Battle of Editorial Credibility vs. Sponsored Content Continues
Iâ€™m not sure it has to be a bloody mess, though.
Over the last couple days, Iâ€™ve heard a lot of talk about crossing the editorial line as it relates to publishers accepting sponsored content.
At day one of AdweekMediaâ€™s Social Media Strategies conference, which I attended, Huffington Post chief revenue officer Greg Coleman said the site sees itself as a â€śsocial media ad agency.â€ť He said sponsor-generated content appears on the site (I take his word on that, although I havenâ€™t seen any) and that itâ€™s marked as such. He was asked to talk about how much these sponsored posts are generating for the Huffington Post, but he declined to comment.
Then last night, I read the PBS/MediaShift piece about Forbes pushing advertorials as part of its major renovation and design online. Forbesâ€™ soon-to-launch Advoice is expected to allow advertisers to post blogs to Forbes.comâ€”for a price. According to chief product officer Lewis DVorkin, Forbes editors will in no way be associated with the paid blogs, and Advoice is just another piece in the siteâ€™s social-focused structure. â€śIn this case the marketer or advertiser is part of the Forbes environment, the news environment," he told Ad Age recently. "Marketers need to reach the audience. This is where publishing is headed."
The MediaShift story goes on to reference a GigaOM report that suggests that Forbes could risk losing reader trust by posting sponsored blogs, especially near the siteâ€™s original editorial content, and trigger a â€śgiant ethical morass.â€ť â€śIronically, blurring the line between advertising and editorial content can actually damage the brand that those advertisers are so eager to rub up against, defeating the whole purpose of the exercise,â€ť GigaOMâ€™s Matthew Ingram writes. â€śItâ€™s not surprising that Forbes is looking for alternative ways of raising revenue, but it should be careful not to sell its soul at the same time.â€ť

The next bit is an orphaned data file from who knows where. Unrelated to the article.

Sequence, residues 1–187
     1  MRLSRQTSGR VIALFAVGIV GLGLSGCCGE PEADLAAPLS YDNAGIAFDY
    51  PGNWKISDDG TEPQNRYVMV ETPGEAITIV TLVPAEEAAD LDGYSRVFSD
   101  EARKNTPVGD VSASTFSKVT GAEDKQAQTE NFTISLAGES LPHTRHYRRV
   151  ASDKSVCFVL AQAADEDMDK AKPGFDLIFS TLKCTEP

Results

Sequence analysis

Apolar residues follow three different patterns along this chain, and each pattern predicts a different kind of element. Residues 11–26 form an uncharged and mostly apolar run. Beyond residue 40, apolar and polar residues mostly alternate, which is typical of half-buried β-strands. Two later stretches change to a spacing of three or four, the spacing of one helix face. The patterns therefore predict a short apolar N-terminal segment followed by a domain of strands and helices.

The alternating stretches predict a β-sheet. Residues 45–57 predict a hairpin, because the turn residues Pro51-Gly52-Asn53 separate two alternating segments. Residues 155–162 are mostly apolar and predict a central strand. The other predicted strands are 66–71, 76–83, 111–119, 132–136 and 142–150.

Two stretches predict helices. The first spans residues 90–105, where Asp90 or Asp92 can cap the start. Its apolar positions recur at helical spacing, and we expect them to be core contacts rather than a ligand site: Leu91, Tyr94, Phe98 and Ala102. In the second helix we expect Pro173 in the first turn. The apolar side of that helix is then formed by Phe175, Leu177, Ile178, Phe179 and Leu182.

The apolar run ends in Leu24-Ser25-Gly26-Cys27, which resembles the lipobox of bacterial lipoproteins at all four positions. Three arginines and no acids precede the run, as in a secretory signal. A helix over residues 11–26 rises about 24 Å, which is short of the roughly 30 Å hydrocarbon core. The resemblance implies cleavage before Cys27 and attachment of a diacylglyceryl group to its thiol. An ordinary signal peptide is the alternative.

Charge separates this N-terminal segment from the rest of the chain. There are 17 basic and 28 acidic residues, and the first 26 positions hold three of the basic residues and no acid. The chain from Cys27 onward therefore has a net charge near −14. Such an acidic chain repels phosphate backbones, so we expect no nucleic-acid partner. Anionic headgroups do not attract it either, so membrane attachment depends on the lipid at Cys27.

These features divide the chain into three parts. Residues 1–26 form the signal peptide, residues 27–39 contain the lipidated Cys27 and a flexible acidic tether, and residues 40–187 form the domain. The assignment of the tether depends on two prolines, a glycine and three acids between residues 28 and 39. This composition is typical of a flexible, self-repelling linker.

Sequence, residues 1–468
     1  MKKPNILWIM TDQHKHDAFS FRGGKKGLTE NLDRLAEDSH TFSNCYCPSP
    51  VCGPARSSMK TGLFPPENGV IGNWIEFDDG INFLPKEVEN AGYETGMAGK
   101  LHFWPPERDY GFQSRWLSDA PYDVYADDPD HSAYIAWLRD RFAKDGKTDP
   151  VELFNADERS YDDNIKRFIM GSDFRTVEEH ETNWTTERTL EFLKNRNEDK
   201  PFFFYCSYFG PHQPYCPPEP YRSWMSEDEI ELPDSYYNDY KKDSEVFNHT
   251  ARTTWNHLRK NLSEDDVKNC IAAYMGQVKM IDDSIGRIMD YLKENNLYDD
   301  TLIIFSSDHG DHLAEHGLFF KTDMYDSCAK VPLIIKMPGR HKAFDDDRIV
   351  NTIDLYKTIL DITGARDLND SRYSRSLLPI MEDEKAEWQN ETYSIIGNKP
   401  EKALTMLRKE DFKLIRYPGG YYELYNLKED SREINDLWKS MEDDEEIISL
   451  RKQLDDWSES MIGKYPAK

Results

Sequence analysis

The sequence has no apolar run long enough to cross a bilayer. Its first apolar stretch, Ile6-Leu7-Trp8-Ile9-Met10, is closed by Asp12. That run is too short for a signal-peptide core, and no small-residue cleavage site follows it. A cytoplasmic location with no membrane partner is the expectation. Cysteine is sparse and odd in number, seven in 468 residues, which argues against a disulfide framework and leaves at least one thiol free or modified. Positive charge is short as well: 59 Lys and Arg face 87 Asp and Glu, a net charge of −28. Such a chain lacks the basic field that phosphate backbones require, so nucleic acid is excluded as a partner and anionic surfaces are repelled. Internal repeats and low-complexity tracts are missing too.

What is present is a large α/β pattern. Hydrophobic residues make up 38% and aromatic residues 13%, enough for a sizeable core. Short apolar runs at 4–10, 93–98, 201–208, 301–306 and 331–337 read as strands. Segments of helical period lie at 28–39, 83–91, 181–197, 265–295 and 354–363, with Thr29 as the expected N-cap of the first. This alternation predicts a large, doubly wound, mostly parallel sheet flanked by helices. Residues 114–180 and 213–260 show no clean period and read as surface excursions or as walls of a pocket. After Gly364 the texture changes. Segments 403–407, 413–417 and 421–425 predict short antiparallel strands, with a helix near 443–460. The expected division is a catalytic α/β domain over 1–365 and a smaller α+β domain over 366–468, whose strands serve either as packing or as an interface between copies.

Heâ€™s rightâ€”it shouldnâ€™t come as any surprise that Forbes is trying to squeeze more money from its advertisers, especially since the print magazine is reporting a 9.6 percent decline in ad pages through the third quarter (last year, pages fell more than 30 percent). And, besides, publishers have been running advertorial sections in print forever. Theyâ€™re also continuing to expand into marketing services.
As it hasnâ€™t launched yet, I havenâ€™t seen Forbesâ€™ Advoice, but letâ€™s put down the picket signs for a minute. While Iâ€™m not a proponent of ceding edit space to advertisers (Iâ€™m an editorâ€”why would I be?), I am a fan of publishing companies making more money if the execution is right. (In fact, FOLIOmag.comâ€™s blog page features â€śNXTBLOG,â€ť which links back to posts written by Nxtbook, one of our advertisers.)Â Whatâ€™s the problem, from a consumer perspective, as long the sponsored content is clearly labeled and doesnâ€™t eat up space that should dedicated to hard news?
Beyond the careful edit execution, the real trick will be to successfully monetize it. I asked Forbes what the cost structure is for advertisers who want to post to Advoice. Is it a per-post fee or do they pay a one-time fee and get to post as often as they want? How many advertisers has Forbes signed on so far, and how many does it aim to have over the next six months or so?
A Forbes spokesperson said the company isnâ€™t doing any more interviews about Advoice until its launch date gets closer (about mid-November). Weâ€™ll keep you posted.
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